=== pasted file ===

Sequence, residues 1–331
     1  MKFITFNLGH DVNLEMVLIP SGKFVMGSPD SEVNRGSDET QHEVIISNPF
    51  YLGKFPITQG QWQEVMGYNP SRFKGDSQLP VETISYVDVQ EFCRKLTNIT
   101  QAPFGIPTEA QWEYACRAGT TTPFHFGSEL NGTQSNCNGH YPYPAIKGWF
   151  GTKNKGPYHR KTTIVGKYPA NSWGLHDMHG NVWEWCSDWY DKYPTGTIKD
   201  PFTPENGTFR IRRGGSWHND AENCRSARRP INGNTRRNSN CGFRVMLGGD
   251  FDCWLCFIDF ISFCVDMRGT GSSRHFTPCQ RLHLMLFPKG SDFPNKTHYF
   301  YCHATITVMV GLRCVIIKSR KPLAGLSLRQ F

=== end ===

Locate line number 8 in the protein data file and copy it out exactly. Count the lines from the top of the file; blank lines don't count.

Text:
   301  YCHATITVMV GLRCVIIKSR KPLAGLSLRQ F